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3 FTSE 100 dividend stocks yielding 5% I’d buy for 2020

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A top FTSE 100 income stock that I would buy for 2019 is the global mining giant BHP (LSE: BHP).

After cutting its distribution to almost zero in 2016, this mining behemoth has since become an income champion as cost-cutting and debt reduction efforts have started to bear fruit. 

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City analysts expect the company to distribute a total dividend of $1.35 per share for its 2019 financial year, giving a dividend yield of 5.7% on the current share price.

However, I think there’s a good chance the company could beat this forecast. You see, BHP has prioritised shareholder returns over capital spending during the past few years. As a result, a record $17bn was returned to shareholders in its 2019 financial year, excluding the final dividend payout of $0.78. That’s a total dividend yield of more than 25%. 

I think it is unlikely that the company will be able to repeat this performance. Still, considering the fact that last year BHP generated total free cash flow from operations equivalent to 14% of its market capitalisation, I do not think it is unreasonable to say that investors could receive a double-digit dividend yield next year despite City projections.

Depressed price

Sticking with the mining sector, another FTSE 100 income champion that I would buy for 2020 is Glencore (LSE: GLEN). Legal and operational issues have weighed on this company’s share price over the past 12 months. Nevertheless, as a long term investment, I continue to see value here. 

As the world’s largest commodity trader, Glencore occupies a unique position in the global economy and is likely to remain a key global player for many years to come.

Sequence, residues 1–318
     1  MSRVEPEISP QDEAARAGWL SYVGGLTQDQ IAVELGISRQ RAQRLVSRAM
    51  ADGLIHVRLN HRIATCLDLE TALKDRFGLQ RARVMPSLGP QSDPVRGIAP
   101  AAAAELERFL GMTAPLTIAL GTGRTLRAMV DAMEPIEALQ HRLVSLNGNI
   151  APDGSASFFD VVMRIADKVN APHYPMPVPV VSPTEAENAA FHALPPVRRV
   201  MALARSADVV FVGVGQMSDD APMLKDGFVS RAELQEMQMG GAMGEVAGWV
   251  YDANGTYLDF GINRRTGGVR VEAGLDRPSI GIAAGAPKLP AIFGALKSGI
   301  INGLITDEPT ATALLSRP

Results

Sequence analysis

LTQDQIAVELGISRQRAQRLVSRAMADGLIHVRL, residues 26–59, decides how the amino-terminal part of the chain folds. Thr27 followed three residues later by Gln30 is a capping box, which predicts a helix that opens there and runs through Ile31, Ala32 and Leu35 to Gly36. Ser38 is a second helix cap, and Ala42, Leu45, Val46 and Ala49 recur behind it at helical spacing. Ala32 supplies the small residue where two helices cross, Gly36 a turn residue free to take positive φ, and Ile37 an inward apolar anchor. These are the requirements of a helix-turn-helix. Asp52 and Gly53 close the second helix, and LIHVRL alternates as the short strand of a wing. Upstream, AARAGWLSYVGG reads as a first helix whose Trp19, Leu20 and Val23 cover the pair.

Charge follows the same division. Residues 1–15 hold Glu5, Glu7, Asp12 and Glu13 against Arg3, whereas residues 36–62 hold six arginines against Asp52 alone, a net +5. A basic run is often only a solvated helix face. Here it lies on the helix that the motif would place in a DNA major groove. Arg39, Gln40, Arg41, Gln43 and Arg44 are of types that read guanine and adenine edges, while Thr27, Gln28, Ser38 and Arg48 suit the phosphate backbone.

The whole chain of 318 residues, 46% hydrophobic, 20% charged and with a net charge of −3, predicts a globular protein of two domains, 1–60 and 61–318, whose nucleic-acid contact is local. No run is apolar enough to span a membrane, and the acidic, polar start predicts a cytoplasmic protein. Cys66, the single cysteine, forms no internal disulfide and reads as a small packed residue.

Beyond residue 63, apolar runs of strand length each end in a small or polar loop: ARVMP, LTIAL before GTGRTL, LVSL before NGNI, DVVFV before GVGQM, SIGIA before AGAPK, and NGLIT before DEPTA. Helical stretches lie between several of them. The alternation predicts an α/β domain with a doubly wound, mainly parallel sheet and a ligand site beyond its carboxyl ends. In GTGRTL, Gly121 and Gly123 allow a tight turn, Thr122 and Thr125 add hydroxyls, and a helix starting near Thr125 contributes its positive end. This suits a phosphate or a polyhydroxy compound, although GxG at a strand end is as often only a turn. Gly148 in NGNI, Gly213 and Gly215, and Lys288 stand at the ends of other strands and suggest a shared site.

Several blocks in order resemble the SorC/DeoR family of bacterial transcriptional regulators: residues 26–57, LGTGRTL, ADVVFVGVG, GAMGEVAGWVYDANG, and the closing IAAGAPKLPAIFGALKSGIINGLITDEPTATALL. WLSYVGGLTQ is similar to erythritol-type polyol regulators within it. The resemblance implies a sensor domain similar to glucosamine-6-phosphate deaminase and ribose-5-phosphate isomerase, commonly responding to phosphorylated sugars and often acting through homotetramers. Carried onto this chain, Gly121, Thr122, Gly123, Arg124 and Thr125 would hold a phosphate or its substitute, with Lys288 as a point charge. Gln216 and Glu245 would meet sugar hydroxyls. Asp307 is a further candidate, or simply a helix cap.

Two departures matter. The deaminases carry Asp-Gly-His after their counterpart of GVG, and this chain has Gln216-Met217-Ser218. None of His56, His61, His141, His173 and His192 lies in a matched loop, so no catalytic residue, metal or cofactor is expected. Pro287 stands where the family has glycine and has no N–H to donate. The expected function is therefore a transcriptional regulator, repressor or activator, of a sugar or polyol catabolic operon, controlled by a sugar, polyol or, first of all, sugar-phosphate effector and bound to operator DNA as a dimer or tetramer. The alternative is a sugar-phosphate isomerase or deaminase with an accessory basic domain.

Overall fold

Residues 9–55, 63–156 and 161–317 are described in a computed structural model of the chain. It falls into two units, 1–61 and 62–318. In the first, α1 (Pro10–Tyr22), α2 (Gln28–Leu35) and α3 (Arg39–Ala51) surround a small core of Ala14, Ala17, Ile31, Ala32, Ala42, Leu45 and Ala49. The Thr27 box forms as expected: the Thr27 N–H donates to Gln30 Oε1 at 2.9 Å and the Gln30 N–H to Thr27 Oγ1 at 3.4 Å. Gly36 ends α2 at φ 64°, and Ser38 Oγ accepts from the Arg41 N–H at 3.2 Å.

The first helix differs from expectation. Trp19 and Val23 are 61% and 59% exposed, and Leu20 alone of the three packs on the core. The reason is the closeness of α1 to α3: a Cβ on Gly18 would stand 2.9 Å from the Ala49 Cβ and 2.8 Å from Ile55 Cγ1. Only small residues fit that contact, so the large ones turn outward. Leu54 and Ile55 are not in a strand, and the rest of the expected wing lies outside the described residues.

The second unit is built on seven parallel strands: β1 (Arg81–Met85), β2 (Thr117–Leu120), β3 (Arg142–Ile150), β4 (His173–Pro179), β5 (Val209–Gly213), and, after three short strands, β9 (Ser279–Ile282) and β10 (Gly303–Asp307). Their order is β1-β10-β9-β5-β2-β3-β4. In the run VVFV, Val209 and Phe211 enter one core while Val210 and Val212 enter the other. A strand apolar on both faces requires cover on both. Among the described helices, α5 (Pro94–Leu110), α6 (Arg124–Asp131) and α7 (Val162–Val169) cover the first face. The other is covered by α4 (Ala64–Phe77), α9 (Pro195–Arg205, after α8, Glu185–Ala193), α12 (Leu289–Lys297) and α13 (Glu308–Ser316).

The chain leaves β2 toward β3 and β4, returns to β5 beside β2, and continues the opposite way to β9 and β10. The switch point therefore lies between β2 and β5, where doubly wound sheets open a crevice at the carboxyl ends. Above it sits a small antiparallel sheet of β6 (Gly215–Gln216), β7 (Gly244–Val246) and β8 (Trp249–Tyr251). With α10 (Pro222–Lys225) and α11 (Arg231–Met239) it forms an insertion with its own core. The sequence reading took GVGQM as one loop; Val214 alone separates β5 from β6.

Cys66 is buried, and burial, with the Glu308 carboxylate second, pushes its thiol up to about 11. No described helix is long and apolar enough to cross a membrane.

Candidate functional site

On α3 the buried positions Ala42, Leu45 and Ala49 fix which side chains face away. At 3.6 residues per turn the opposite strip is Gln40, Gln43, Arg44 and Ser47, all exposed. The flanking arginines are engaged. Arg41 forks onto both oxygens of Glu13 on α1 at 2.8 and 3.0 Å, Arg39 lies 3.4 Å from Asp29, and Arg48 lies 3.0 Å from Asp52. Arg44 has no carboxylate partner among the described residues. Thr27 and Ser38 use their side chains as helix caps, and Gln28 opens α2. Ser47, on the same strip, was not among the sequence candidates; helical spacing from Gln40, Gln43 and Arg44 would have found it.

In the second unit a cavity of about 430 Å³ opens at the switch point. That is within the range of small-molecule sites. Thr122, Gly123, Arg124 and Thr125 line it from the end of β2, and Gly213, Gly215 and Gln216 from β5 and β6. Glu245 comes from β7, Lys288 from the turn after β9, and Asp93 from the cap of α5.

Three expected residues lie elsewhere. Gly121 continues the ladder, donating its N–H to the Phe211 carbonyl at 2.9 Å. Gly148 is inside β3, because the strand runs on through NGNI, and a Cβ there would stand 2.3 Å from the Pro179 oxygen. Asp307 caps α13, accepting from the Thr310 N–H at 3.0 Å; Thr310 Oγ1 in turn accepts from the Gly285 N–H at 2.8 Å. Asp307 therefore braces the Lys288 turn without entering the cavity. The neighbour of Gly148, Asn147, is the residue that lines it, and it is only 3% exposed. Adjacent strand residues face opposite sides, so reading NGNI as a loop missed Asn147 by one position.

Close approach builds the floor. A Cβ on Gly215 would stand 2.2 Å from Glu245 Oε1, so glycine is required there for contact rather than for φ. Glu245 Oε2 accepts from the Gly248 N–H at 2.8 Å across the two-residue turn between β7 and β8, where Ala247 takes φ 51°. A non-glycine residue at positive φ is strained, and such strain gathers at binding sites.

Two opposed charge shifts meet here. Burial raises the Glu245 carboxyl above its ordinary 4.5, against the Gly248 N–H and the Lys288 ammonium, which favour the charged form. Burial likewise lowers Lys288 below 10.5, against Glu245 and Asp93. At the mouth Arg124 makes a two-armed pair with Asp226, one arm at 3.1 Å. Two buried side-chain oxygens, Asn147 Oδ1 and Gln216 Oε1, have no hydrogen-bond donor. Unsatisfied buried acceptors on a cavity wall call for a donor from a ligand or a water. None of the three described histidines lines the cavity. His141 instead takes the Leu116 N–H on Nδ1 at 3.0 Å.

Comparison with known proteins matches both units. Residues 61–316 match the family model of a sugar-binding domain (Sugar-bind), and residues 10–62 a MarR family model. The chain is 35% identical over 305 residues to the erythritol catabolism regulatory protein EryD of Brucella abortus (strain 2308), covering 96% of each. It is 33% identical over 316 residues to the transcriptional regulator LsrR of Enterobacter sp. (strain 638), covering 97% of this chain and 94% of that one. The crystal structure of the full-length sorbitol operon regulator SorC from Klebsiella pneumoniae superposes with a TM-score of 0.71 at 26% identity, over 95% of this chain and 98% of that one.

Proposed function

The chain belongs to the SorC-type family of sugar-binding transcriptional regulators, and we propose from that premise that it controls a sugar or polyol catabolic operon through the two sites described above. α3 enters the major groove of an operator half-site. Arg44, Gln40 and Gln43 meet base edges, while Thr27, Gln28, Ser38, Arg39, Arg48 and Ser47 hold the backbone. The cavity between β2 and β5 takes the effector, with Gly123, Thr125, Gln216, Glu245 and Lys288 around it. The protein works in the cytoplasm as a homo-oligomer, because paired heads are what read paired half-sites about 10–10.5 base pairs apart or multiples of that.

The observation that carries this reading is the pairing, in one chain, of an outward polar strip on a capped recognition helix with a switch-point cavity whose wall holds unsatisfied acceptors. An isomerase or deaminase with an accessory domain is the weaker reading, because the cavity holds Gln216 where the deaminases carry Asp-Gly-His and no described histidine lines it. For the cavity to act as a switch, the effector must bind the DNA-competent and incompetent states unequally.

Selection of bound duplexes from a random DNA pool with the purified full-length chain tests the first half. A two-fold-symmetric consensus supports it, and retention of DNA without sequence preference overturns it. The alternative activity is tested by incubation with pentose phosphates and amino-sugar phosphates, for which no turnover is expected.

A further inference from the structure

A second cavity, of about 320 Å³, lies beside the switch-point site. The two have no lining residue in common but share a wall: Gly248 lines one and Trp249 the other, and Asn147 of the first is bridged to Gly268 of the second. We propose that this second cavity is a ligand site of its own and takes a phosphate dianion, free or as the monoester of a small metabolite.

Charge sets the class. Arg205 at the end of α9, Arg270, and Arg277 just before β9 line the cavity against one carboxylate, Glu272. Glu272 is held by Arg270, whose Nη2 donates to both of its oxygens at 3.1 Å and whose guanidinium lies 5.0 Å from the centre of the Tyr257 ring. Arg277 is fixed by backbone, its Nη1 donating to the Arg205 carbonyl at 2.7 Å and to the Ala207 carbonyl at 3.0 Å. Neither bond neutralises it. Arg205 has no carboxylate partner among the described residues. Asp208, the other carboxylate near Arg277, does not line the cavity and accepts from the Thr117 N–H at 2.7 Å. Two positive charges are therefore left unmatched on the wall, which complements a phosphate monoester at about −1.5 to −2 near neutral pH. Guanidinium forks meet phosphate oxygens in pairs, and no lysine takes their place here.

Looking past its short-term legal and operational issues, I think this business has a bright future over the next three or four decades. With this being the case, I believe that if you are looking for an income investment to buy and forget, Glencore ticks all the boxes. 

At the time of writing, the stock supports a dividend yield of 5.7% and trades at a forward P/E ratio of just 13, slightly below its five-year average. 

These metrics suggest to me that the Glencore share price offers the potential for income and capital growth over the long term.

Inflation-busting dividend

Finally, I would buy the National Grid (LSE: NG) share price as an income investment for 2020. Now that Jeremy Corbyn’s nationalisation plans have finally been put to bed, utility providers once again look attractive as income investments.

Shares in National Grid currently support a dividend yield of 5.2%, and the payout has a track record of growing in line with inflation every year. 

Unfortunately, as a growth investment, this stock does not look particularly appealing. Thanks to strict regulations regarding how much National Grid can charge customers, earnings per share have grown at a compound annual rate of just 1.9% for the past six years. 

As regulators have started to take a more robust line towards utilities, this is unlikely to change. Still, with dividend cover of 1.2 times, it looks as if National Grid’s dividend is here to stay and management has plenty of headroom to increase the payout in the years ahead. 

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Rupert Hargreaves owns no share mentioned. The Motley Fool UK has no position in any of the shares mentioned. Views expressed on the companies mentioned in this article are those of the writer and therefore may differ from the official recommendations we make in our subscription services such as Share Advisor, Hidden Winners and Pro. Here at The Motley Fool we believe that considering a diverse range of insights makes us better investors.

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